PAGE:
This is like me complaining about a co-worker to my company HR because his kid beat up my kid on the school ground. Each issue has its own place. Eich successfully kept his bias in his personal domain. There is zero proof that he ever let it influence his work at Mozilla. The Caitlins linked it to their business and brought it into the public domain.

Furthermore, this was battle fought within bounds. Just as Eich donated in support of prop8, others donated to stop prop8. Even if the law was initially passed, it was overturned by the courts later. The battle was won. As far as Eich was concerned, he fought it fair and square. Yes, five years (in fact, even a minute, a moment) is too long to reverse an unjust act, but the Caitlins won. Eich lost. His personal belief was consigned to his personal domain. What more did they want? What did they achieve from the act of posting “five reason for Eich to step down”? The Caitlins should admit it – they ask for equal rights and tolerance but are not ready to give quarter to an opponent who has lost. They wanted more. They wanted revenge. They wanted total submission. And they found a vulnerable, juicy target.

Many people said that this was not an attack on free speech or thought – rather, you can have free speech but you should also be prepared to face the consequences and criticism generated by that free speech. Oh, then you should have checked H. Caitlin’s Twitter feed. Complaining and wallowing in sadness about the negativity the Internet was directing at them. Gee, in the name of your family, you drove away a man from his baby. One that he had nurtured for 15 years. One that you were using to drive your own business. You drove him off Twitter. Away from public. Days after he reached the pinnacle of his professional life, you forced a man “to take time away from work”. How about you face up to the consequences of free speech now?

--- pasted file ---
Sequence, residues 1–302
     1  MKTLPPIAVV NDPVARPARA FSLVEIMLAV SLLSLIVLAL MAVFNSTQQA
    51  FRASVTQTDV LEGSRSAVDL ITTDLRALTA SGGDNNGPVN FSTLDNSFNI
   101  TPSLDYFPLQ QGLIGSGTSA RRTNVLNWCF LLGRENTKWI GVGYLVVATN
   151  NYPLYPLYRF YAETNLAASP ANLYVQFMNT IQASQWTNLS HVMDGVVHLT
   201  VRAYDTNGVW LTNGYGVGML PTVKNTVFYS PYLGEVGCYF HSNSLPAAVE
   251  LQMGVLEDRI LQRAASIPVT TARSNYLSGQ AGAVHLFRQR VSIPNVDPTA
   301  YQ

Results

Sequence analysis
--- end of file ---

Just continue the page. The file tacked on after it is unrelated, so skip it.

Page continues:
Finally, the less said about OKCupid, the better. This business, which monetizes one of the most vulnerable sections of society, decided to protest Eich’s $1000 donation made in 2008.

Let’s see, one of their co-founders – Sam Yagan – donated $500 twice to the Obama campaign from 2007 to 2008. Yagan also donated $500 to Utah Republican Congressman, Chris Cannon, in 2004. Cannon voted in favour of a constitutional ban on same-sex marriage. Another co-founder, Christian Rudder, donated $1,000 to Obama’s 2012 campaign. Obama supported same-sex marriage only in 2012, not before that.

That is $2500 donated towards politicians who were not in support of same-sex marriage. So, what exactly are OKCupid protesting?

In summation, while Eich’s views were certainly not progressive, they were well contained to his personal domain and did not have any proven effect on his working within Mozilla. Instead people chose to see shadows where there were none and drove a deserving man from his place in the sun.

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  1. Pingback: When The Rainbow Bled – 2 | Rohit Bhute